3 pitchers the Detroit Tigers should select with 12th overall pick

The Detroit Tigers will be busy over the next few weeks as they prepare for the 2022 MLB First-Year Amateur Player Draft. The team has the 12th overall selection in the draft, slated to pick after the New York Mets’ compensatory pick for losing out on Kumar Rocker, who did not sign amid medical issues.

With that 12th overall pick, the Detroit Tigers will have to lock in and figure out what will be the best piece to add to the team’s rebuild. The team has capitalized on bringing in prominent pitching prospects over the years, so it’s easy to think the team may target an arm.

But there’s a lot of work that needs to be done and many players that need to be scouted and evaluated on both sides of the baseball. Four of the last six draft picks have been pitchers selected by the Tigers, with Riley Greene and Spencer Torkelson being the odd men out.

As the Tigers begin to weigh out their options for the 20222 draft and figure out who they will bring in, there will be more than enough arms to fit the build. The question is finding which ones stand out the most and which are the ones to be excited about.

Here are three pitchers the Detroit Tigers should target.

The Detroit Tigers may not target a pitcher, but if they do, there’s an abundance of prep arms waiting for them. They have several options, and some high-level collegiate arms will also be near the top of the draft class.

First up is a prep pitcher that the team should consider. A southpaw that might just wind up pairing well with Jackson Jobe.

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Brandon Barriera, LHP, American Heritage HS (FL) – Vanderbilt commit

It’s hard not to fall in love with the potential that Brandon Barriera has to offer. The prep arm from Florida will be a big-time future big leaguer; it just depends on where he ends up. Barriera features a four-pitch mix after showcasing a better feel for a curveball and slider in a recent bullpen.

The slider has always been there; it has a serious break to it with great shape. It’s a wipeout pitch that will devastate right-handed hitters’ back foot and lead to horrible swings from right-handed hitters when used as a chase pitch.

The newer developed curveball is a little slower and has a bigger shape to it, but it looks like it could develop into a real offering that gives him four distinct pitches. The fastball works the mid-90s with ease; when I say ease, I mean that it is truly effortless. It’s a pitch that has life, and he also shows a good command of it.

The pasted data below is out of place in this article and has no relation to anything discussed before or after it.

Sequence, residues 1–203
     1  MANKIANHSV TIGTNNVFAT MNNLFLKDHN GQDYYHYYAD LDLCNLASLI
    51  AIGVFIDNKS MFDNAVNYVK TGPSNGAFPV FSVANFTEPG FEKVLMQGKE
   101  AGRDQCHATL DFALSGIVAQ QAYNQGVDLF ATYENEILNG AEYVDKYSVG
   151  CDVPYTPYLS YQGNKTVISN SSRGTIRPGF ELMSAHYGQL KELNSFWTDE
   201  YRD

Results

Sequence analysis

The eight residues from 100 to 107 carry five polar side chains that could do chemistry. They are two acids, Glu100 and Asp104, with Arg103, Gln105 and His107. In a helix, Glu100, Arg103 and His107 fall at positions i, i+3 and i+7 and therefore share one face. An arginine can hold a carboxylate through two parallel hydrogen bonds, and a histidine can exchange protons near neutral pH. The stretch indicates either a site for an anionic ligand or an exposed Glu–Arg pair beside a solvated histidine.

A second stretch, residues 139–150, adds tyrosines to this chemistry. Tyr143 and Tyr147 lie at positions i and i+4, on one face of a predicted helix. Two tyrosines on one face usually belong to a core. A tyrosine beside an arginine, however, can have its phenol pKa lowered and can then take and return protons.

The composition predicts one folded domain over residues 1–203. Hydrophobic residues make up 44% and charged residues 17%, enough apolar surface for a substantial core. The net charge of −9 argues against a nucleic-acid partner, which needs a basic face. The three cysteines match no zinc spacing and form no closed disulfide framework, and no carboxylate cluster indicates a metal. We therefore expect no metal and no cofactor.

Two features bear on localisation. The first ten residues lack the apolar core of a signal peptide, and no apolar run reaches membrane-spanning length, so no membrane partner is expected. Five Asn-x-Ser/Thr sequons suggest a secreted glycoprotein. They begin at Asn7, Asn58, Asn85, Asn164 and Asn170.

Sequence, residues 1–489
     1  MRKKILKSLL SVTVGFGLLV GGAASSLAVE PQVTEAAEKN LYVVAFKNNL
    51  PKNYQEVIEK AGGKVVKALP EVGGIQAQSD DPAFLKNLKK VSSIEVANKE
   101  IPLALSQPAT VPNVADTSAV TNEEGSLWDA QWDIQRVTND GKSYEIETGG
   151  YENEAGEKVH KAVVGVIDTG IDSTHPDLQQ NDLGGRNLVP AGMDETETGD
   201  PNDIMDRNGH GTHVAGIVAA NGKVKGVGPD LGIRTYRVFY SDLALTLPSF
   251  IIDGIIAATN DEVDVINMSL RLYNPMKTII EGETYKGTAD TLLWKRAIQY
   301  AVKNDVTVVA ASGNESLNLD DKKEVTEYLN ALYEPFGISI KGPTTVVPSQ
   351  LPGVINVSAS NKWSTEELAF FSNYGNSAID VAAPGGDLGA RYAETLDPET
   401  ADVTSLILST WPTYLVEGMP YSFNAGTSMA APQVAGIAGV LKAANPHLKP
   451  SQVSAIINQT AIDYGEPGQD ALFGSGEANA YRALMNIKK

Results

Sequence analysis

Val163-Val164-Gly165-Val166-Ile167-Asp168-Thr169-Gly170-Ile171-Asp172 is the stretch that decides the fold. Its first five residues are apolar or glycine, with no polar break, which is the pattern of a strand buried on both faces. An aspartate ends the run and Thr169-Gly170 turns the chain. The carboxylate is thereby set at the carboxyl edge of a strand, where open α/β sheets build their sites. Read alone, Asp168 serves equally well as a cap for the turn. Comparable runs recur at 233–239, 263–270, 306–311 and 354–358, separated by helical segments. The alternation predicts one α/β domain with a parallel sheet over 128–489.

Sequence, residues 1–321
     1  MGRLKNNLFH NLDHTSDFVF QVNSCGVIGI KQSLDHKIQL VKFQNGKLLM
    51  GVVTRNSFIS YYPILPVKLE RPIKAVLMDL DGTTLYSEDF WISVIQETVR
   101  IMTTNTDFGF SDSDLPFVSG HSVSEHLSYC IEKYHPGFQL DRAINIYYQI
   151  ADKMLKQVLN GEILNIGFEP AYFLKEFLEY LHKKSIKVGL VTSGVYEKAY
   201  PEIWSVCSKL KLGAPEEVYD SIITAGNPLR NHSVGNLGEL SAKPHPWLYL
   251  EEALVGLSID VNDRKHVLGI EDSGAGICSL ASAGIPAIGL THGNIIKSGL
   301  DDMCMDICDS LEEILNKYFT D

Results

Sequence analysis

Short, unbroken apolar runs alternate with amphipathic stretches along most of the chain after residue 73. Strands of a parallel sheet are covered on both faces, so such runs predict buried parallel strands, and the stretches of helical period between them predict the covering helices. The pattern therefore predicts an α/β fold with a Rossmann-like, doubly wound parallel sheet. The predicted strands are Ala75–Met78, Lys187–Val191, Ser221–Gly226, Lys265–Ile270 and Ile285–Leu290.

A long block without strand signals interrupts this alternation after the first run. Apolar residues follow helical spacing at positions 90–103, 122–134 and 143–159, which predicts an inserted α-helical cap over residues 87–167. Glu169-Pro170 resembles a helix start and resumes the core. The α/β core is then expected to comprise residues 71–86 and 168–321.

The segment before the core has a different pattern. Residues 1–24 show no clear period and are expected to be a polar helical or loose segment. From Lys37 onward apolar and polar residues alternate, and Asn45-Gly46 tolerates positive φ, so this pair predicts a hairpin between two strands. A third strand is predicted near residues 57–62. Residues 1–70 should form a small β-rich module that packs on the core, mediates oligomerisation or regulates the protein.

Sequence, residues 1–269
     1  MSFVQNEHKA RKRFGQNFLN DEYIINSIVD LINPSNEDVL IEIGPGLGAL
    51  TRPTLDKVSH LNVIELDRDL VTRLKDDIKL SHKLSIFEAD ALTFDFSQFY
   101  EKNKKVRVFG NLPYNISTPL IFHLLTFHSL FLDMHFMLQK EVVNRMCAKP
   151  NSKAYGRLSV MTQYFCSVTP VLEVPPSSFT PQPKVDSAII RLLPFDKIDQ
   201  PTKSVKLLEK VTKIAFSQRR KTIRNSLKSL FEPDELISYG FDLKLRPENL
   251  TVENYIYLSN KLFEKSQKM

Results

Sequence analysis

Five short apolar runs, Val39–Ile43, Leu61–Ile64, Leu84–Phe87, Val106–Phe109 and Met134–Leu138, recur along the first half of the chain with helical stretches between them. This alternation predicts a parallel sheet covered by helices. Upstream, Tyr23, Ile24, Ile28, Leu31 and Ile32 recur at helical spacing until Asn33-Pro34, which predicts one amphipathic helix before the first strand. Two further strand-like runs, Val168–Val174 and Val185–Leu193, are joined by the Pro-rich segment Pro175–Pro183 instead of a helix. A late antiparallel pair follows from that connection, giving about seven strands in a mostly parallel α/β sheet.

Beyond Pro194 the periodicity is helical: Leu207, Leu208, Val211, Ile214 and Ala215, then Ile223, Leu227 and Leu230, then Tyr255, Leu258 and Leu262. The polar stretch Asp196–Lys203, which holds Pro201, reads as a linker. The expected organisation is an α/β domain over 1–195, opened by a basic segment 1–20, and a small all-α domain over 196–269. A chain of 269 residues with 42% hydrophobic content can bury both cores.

Barriera also has a feel for a changeup with depth to it that he mixes in for success. There’s a lot of room for him to keep getting better too. Here’s a video that Kiley McDaniel of ESPN tweeted out of Barriera that includes some slow-motion clips and a couple of shots from different outings.

It’s easy to see the attraction with what Barriera has to offer. Those who enjoy diving into the mechanics should see that they look smooth for a prep arm. The projection is frightening, in a good way. He’s 6-foot-2, 180-pounds, and by the looks of it, he’s going to grow more and fill out.

There’s potential for Barriera to be a real power lefty. He projects as someone who could be a very impactful southpaw in a big-league rotation. The pitch mix is very legit, and he continues to get better. Keeping Barriera away from Vanderbilt University, where he is committed, is not the worst thing in the world. While he will only get better for the Commodores, the hope should be for him to sign and work on his development with a big-league club.

If the Tigers had the opportunity to select Barriera, it’s hard not to see it as a benefit to this team. Especially if they can keep Chris Fetter around, avoiding a move to Michigan, the future of Tigers pitching will be in great hands.

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Cooper Hjerpe, LHP, Oregon State University

The Detroit Tigers should consider taking a flier on Cooper Hjerpe, who is a truly unique pitching prospect that is a part of this year’s draft class. Upon initial looks into Hjerpe, it takes just a few seconds to think he is a younger version of Chris Sale.

The comparison is excellent, but there’s more to it that makes him an intriguing selection. Hjerpe works the low-to-mid 90s from that funky-low arm slot, and pairing that with a devastating slider, it makes for a very deceptive attack.